SLIGHTLY disappointed last year after re-visiting growbags for my toms for the first time in years, I decided on ring culture this year.

It coincided with seeing one of those cheffy shows on TV focusing on the practice in an enormous nursery, which is experimenting with using a ring culture solid medium as opposed to the hydroponics which still, in my humble view, do not produce the same flavour results.

Last year, despite regular feeding, the growing bags seemed to run out of steam later in the season.

I built my replacement greenhouse a couple of summers ago on a concrete base, thus replicating my usual soil culture in the old ‘house impossible. Ring culture had been recommended as a solution by a number of readers and we will see if it works in producing better results.

Ring culture involves using pots and bags to increase the depth of the growing medium which, in a growbag alone, soon becomes clogged by the extensive tomato root structure.

Ring culture involves using three litre pots, cutting holes in the growing bag to accommodate them after cutting out the bases of the pots.

Tin snips are good for this, but strong scissors will probably do the job as pots these days are much thinner and more easily modified than older generations of poly pots.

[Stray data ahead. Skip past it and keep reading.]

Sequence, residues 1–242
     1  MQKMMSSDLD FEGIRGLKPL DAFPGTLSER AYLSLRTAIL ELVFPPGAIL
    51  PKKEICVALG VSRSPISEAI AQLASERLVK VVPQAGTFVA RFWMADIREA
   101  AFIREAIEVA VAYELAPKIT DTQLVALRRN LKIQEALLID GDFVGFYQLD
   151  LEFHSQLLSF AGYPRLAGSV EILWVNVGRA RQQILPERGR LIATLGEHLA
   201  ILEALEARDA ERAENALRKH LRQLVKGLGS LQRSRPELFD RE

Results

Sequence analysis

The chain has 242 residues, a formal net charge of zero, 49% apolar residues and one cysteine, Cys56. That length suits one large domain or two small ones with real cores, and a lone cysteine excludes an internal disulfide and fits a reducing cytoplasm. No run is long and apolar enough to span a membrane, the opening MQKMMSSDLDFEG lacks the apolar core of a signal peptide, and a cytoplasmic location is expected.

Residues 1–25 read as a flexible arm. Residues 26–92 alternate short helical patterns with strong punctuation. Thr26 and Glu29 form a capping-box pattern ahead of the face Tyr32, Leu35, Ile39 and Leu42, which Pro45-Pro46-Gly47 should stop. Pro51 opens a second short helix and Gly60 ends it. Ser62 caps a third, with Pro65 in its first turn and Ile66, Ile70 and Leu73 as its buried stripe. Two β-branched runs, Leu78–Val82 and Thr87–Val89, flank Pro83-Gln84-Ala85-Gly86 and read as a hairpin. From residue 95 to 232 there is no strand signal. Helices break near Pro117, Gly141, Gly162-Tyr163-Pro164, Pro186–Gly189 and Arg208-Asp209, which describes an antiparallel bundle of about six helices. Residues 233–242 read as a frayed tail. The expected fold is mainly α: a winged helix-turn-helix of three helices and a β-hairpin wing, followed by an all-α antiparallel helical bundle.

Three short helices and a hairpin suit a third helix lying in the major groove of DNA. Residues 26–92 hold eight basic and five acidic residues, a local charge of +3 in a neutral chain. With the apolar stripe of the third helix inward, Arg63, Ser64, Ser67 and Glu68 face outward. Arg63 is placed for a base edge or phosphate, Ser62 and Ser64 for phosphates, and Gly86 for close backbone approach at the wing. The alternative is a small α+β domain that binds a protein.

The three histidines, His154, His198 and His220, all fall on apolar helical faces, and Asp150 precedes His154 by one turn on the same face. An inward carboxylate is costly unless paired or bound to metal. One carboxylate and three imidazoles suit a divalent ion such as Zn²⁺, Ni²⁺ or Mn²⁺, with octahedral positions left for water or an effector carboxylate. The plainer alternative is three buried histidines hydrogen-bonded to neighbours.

To keep the pot’s rigid structure, leave an inch or so of the base intact, otherwise you will be left with a floppy pot. It is important when preparing the growbag to loosen the medium inside with a trowel because it will have become severely compacted during storage and delivery.

Then, dig around with your fingers in an inch of the compost making a small pyramid of the medium and slip the pot in. Fill the pot with compost and pop in your chosen plant.

I used a multi-purpose compost, fortified with well-rotted horse manure and slow release blood, fish and bone which should give all that a plant needs, together with a liquid fertiliser each week after fruit has set.

I’ll let you know if it works...

* My thanks to Eddie Grove, from Wootton, who gifted me a tray of Stan Jackson’s hybrid Queen of Hearts tomatoes which went out on my roadside stall, to raise funds for the Send a Cow charity.

* It was also good to hear from a keen gardener who shares a name with my favourite tom.

She emailed: “I was so surprised to see my name, Rosella, in print as a tomato. I’ve never seen them so will have to look for the variety. I did see a fuchsia of that name but it’s not a common name, so it’s something to see it in print. It is also a name of a bird from Australia, which I’ve had to learn to live with.”

Cheers, Rosella Hayter...